For Hoppen, luxury is a concept linked to daily practicality; to coherence between the object and the environment. “Luxury is in the use of space and simplicity. We have spent years studying human beings and what their needs are; how little people actually need when travelling; what is the indispensable thing that people must carry in a suitcase, with the permanent challenge being to contribute a lot to a small space ”.
“Luxury is in the use of space and simplicity”
Her work methodology returns to that classic empiricism of trial and error and from it she finds the best solutions for each project. This is the case in her study ‘Conceptualization’ (Ideation), where she sorts out different issues and problems, as well as trying new ideas out with her creative team. “We tried some things out, we see the pros and the cons of each space and its functionality. This is something new for me and I am passionate about it”, she claims.
Travel to get inspired
Hoppen works constantly and tirelessly both in her two studios and at her home in London, an old auction house which she herself turned into a home. For her, like Picasso, inspiration always finds her working.
A maxim which endorses the 49 projects which she now finds herself involved in. “Creativity emerges in the craziest moments you can ever imagine. If you leave your comfort zone and your home, your mind opens up and you perceive new things”, she reflects with a certain mystical tone.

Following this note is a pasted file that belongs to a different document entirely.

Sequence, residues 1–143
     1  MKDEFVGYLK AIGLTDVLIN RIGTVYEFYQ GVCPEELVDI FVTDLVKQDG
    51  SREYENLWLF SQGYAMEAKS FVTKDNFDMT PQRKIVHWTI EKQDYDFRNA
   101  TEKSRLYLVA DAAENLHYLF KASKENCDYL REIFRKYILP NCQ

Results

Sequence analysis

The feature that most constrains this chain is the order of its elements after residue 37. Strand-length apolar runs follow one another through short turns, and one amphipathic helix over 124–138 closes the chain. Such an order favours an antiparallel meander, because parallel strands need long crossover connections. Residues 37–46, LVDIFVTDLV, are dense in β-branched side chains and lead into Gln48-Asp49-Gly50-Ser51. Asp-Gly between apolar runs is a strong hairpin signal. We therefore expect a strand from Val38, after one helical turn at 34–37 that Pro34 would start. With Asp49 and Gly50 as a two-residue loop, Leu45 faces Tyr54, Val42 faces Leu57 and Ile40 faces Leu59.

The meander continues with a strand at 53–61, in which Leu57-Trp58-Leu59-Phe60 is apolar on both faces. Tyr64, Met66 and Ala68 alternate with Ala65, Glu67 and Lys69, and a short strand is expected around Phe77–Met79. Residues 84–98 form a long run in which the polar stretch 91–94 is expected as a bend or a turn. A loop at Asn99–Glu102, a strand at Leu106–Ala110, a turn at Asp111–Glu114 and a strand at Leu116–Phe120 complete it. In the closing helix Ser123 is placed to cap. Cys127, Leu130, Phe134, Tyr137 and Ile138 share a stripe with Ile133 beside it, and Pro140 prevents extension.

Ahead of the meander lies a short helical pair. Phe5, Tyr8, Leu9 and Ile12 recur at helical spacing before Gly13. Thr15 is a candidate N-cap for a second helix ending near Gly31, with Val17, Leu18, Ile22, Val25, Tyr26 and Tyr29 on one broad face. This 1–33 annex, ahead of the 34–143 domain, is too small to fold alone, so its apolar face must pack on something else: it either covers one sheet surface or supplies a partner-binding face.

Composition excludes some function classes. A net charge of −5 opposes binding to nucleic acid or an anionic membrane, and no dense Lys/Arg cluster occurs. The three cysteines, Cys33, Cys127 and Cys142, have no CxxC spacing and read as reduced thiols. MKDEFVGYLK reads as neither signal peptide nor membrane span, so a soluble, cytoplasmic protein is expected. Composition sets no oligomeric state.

For Hoppen, one of the most important parts of a home is the bedroom. In her opinion, this room “is the natural resting place”, so you have to know how to read and deck out the space according to its nature. “In each space you have different experiences, but without a doubt the most difficult to decorate is the children’s room. Do you know why? Because it is the parents who should design their children’s room and they should get involved”, she rigorously states.
Technology and nature come together
The challenges and work schemes that have been created with the new technologies have brought about a change in the mentality of clients, but also in the interior designer’s. In her opinion, simplifying times and shapes is positive, as long as quality is not put at risk. “As a designer, I like fabrics and natural materials such as wood or mud, but we still have a long way to go to find the material of the future that is sustainable, harmless and pleasant. Therefore, technology has to be less complicated and more accessible and easy”, she notes.
For the designer, digital noise and fake news must be fought with more culture and more empathy. “Everything starts with education and young people must learn to distinguish what is real from what is fake. I grew up in a world without filters, much more real than this. I think that will be the title of my next book”, she dictates so that the idea does not slip her mind.
The prologue is already underway.